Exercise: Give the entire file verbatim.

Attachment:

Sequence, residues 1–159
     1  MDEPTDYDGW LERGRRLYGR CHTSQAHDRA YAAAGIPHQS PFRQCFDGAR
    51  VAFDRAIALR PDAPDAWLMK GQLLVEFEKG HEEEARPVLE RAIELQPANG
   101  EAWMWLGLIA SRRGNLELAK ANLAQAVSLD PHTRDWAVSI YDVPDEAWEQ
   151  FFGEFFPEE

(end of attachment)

Sequence, residues 1–159
     1  MDEPTDYDGW LERGRRLYGR CHTSQAHDRA YAAAGIPHQS PFRQCFDGAR
    51  VAFDRAIALR PDAPDAWLMK GQLLVEFEKG HEEEARPVLE RAIELQPANG
   101  EAWMWLGLIA SRRGNLELAK ANLAQAVSLD PHTRDWAVSI YDVPDEAWEQ
   151  FFGEFFPEE